HailStorm was before its time

But web apps should still make use of public information

Next time you're filling out a registration form on the web, try this experiment. Enter only your last name and ZIP code (let's pretend you're a US resident), then click Submit. The form's handler will complain about a bunch of missing fields, including address, city, state, country, and phone number. Now visit Google and type a query based on this construction: phonebook: LastName,ZipCode.

If you're Jon Udell in Keene, New Hampshire, the missing fields will pop right up. If you're Robert Smith in Brooklyn, New York, you might (depending on your ZIP code) have to select from a couple of choices. But either way, a form that did a lookup based on partial information could save you some effort.

Why don't web forms work this way? I can think of lots of reasons. Google's Web API doesn't support PhoneBook queries. Even if it did, the terms of service would require written consent for commercial use. Spidering the main Google website would be easy but, again, the terms of service prohibit that. Of course the information won't be available if the person who is filling out the form told Google to remove his or her information from the PhoneBook. And anyway, thanks to the modern browser's memory of form fields, repetitive data entry isn't the hassle it once was.

I suspect there's an even deeper reason, though. Many folks wouldn't want to be reminded how easy it is to convert sparse input into a detailed profile that includes a phone number, a street address, a satellite photo, and driving directions. Re-entering the basic facts each time perpetuates an illusion of privacy. Yet the reality, for many of us, is that these facts are public.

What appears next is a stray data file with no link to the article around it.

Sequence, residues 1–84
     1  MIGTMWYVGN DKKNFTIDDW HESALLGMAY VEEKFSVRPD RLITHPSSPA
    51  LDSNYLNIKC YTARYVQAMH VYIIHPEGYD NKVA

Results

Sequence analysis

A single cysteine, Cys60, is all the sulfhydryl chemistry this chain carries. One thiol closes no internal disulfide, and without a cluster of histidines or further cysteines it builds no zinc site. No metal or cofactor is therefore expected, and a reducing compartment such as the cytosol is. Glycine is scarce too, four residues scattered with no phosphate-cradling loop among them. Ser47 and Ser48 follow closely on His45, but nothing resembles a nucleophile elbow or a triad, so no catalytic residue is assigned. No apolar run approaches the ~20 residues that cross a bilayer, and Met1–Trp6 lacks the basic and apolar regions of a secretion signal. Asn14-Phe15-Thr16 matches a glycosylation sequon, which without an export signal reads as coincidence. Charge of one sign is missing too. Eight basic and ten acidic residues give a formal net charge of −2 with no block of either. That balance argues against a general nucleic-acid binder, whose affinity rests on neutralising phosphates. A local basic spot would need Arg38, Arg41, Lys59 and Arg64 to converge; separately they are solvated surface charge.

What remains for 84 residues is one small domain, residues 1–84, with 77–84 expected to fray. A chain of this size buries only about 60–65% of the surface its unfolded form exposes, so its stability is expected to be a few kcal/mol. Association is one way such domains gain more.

Since I haven't told Google (or any other directories) to delete my records, I've implicitly given permission for web applications to use that data. Let me now make that permission explicit. I'd be happy if a web form made intelligent use of public information about me.

I'd be even happier if I could control the source of that data. Public information is a poorly defined concept, after all. There are online directories that still remember an address I vacated five years ago. I'd like to maintain the facts about me that I deem public. When applications need those facts, I'd like to refer them to a service that dispenses them.

We've now arrived at the brink of a precipice. On the rocks below lies the shattered body of Microsoft's HailStorm. What sent it over the edge was the notion that it would manage not only public facts, but also private ones: credit card numbers, travel itineraries, musical preferences. Sooner or later, we will wind up delegating the management of these facts to services acting on our behalf. HailStorm was the right idea. But the dawn of this century was the wrong time and Microsoft was the wrong company.

Perhaps we can make some progress without taking the scary leap of faith. Suppose we create an ecosystem in which users maintain public profiles, web services dispense them, and applications talk to those services? Your profile would contain only the facts you want to publicly assert about yourself. No secrets, no trust. We don't know how to solve the trust problem yet. While we're sorting that out, maybe we ought to bootstrap the formats, protocols, and mechanisms that will have to support whatever trust solutions emerge.

Jon Udell is lead analyst at the InfoWorld Test Center

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